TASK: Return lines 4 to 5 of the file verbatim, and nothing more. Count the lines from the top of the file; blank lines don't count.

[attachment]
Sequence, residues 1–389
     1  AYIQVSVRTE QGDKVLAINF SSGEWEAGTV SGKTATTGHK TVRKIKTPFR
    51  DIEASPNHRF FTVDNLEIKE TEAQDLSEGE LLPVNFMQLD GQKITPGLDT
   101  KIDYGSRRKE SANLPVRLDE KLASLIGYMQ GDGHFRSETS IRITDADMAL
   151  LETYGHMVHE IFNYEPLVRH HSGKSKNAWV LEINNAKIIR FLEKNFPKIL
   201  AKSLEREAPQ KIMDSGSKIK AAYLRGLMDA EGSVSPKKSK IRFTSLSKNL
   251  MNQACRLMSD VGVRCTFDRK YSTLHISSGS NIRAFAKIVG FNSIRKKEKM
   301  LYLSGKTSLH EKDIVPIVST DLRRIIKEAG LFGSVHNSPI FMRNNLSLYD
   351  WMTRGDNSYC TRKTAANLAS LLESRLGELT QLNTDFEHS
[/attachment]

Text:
   101  KIDYGSRRKE SANLPVRLDE KLASLIGYMQ GDGHFRSETS IRITDADMAL
   151  LETYGHMVHE IFNYEPLVRH HSGKSKNAWV LEINNAKIIR FLEKNFPKIL